Abstraction has arrived in the Lower East Side. A visit to the neighborhood’s galleries this month reveals a near survey of contemporary approaches using this technique. But while terms for more established subsets of abstraction abound—geometric, biomorphic, non-objective—few exist for the newer approaches populating contemporary galleries. Observer has a fix for that. I’ve taken the liberty of coming up with a few terms myself to help gallery goers out. Read and memorize these terms. Share them with your friends. They’re all new movements—and you read about them first here.
Let’s begin with what I like to call, “All Over Abstraction”—abstraction that extends beyond the canvas, onto the walls, and into the frames. Daniel Rios Rodriguez’s intimate paintings currently on view at Nicelle Beauchene fit this bill. Rodriguez uses shaped frames to extend his abstractions outside of the canvas, at times applying paint on them, as if subsuming the structure. The work pairs a beach cottage vibe with a mystical new age aesthetic, recalling the work of Zach Harris. Harris similarly uses hand carved frames and patterning in his work but offers none of the Southwestern touchstones of Rodriguez.
All Over Abstraction leads to “Combinator Abstraction,” a term inspired by Robert Rauchenberg’s combine paintings and start up culture, though it has nothing to do with either. It refers to artists who assemble canvases together to create new work, like in Klaus Von Nichtssagend’s Pamela Jorden exhibition. In her latest show, shaped canvases fill the gallery’s spaces with vibrant colored washes that resemble Helen Frankenthaler’s soak stained paintings. Muscular in approach, Jorden uses her full arm span to apply the paint, later combining the canvases to create monumental shapes built on their relationship to each other.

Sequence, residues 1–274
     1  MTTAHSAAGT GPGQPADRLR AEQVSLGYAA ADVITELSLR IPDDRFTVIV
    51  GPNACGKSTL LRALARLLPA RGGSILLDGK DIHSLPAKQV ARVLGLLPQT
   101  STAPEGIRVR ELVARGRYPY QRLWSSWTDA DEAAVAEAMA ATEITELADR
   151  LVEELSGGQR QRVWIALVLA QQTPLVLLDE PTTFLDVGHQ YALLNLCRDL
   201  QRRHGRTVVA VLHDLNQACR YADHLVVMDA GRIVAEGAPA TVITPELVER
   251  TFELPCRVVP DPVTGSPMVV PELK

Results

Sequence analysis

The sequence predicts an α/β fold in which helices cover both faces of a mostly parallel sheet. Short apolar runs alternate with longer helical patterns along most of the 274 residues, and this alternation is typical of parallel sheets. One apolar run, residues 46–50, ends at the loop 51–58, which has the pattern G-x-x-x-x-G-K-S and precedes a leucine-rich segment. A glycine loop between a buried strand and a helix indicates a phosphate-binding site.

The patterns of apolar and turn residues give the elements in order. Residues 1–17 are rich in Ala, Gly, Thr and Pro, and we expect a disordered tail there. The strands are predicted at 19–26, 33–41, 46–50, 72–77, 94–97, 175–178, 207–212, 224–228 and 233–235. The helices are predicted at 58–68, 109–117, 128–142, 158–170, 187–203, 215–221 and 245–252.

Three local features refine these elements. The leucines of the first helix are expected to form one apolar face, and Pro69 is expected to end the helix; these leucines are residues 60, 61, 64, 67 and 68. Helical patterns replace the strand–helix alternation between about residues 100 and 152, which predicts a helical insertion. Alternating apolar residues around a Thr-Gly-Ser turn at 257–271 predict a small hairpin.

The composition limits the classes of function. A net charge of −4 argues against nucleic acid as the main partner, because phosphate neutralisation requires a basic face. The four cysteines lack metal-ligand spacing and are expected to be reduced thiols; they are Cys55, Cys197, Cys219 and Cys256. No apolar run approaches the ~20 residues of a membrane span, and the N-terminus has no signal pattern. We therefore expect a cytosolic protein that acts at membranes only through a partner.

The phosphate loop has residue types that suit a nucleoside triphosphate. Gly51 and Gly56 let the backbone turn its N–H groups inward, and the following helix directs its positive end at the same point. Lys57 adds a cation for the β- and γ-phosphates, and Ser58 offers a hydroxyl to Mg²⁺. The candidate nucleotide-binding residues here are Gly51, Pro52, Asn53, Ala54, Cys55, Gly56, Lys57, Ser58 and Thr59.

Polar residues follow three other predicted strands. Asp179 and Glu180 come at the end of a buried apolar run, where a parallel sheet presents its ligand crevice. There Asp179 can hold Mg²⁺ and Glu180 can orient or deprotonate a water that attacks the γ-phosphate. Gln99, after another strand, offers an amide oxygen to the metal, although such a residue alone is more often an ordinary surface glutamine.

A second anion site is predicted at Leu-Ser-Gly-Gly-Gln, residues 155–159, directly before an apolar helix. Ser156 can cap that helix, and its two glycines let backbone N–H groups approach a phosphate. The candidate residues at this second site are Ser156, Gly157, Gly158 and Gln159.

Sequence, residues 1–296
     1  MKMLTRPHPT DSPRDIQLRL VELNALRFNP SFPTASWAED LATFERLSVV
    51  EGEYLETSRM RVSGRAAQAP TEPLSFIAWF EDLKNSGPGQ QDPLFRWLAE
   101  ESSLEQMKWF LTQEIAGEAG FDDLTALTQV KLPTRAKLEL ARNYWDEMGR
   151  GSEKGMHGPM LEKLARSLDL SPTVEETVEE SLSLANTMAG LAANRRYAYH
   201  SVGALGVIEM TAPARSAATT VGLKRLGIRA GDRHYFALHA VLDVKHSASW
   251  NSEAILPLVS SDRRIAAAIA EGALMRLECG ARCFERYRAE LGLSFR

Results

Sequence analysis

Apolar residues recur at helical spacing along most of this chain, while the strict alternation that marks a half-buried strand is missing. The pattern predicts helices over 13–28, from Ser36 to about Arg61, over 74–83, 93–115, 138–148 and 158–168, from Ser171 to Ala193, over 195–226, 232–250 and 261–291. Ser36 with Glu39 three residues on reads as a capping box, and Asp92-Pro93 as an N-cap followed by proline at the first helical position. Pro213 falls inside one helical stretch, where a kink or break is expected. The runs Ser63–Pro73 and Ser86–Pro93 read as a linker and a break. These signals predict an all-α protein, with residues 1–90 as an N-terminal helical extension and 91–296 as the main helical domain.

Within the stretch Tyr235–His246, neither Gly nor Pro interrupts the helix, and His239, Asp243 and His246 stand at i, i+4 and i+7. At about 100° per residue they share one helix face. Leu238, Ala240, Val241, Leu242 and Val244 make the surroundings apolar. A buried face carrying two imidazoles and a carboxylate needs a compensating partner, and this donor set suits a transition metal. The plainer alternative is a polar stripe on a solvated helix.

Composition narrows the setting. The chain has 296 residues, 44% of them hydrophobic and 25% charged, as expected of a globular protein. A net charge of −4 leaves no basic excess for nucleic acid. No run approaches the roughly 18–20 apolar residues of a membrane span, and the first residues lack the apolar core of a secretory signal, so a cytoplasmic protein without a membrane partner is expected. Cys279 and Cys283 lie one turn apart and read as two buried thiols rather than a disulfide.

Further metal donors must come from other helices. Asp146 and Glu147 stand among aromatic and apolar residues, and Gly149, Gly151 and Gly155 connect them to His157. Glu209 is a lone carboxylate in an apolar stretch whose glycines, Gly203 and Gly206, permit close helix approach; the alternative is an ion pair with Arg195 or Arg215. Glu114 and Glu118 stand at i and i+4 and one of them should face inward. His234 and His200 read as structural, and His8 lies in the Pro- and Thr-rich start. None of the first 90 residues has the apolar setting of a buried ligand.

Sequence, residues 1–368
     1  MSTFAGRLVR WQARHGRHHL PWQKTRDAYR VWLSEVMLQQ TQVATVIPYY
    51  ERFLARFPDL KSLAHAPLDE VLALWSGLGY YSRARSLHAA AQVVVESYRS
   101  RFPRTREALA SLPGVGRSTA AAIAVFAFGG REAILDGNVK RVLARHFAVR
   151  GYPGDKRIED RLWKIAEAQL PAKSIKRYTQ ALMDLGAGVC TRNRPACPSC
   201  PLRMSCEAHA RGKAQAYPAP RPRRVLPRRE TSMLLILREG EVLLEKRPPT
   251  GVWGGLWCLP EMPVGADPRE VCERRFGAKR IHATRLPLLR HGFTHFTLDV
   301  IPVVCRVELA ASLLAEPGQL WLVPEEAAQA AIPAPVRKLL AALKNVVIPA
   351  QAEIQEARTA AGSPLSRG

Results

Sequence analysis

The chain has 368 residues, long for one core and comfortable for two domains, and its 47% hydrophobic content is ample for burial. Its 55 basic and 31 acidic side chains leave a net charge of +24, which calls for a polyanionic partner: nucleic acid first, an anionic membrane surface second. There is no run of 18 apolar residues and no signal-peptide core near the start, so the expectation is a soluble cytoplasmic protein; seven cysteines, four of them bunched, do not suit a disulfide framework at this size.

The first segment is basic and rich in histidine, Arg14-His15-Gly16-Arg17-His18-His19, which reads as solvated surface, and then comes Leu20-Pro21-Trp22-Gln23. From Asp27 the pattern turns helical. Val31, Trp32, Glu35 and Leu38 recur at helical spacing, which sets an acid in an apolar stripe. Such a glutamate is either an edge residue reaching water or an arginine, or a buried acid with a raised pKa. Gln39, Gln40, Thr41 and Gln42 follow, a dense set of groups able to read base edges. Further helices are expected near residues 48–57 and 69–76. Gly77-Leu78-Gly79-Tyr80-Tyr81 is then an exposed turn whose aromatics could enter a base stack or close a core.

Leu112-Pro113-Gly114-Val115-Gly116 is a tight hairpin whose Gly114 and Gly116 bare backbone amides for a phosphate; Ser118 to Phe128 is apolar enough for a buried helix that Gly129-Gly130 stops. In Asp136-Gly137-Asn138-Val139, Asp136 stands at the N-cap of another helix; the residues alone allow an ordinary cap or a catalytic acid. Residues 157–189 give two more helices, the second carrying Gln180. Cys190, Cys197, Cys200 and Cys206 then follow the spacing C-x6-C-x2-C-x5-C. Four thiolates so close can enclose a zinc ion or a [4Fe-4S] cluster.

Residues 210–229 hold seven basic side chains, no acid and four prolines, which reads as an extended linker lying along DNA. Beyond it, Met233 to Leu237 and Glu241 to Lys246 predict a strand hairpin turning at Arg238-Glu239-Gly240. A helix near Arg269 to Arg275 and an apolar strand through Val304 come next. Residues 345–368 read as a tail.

The approach melds All Over Abstraction with exhibition design, and Jorden isn’t the only one in the Lower East Side using the technique. Juanita McNeely presents a running series of canvases that wrap around the walls of James Feuntes creating a single continuous surface. In these works abstraction distorts the figure, often creating nightmare-like scenes. The early paintings from 1969 respond to an abortion McNeely needed when the procedure was illegal, the later works respond to life-altering accident in which the artist’s spinal cord was damaged.
Another hot genre in the LES: “Broken Carnival Set Abstraction.” You’ll know it when you see it. It looks something like the fiber art of Julia Bland and Michelle Segre at Derek Eller, which fill the gallery with dreamcatcher-shaped sculptures and cave-palette tapestries. In sum, the exhibition creates a brightly colored yet mildly dangerous-seeming playground. Anyone attempting to do actual circus acts here would definitely get hurt.
Perhaps a safer approach comes in the form of “Logistics Abstraction,” an aesthetic largely informed by the materials used to transport and safeguard art. Jane South at Spencer Brownstone offers a whiff of this in her show “Switch Back,” in which she assembles wall mounted hangings from art handler blankets, rubber mats, drop cloths and other ephemera. The shaped hangings take on a vague resemblance to trucks and wheels, but like much of the art on view in the Lower East Side, they also retain a sense of spirituality. The circular assemblage pieces suggest a life cycle or wheel of life while serving as an homage to modern industry.
As a subgenre, Logistics Abstraction emerges from an established progenitor—the art handling industry—and might represent the most durable of all the movements named above. (Certainly, it holds more promise than Broken Carnival Set Abstraction, which might be best described as a micro-genre.) But the fact is the abstraction I’ve described above represents a small sampling of what’s out there waiting to be named. Just head out to the Lower East Side and see for yourself.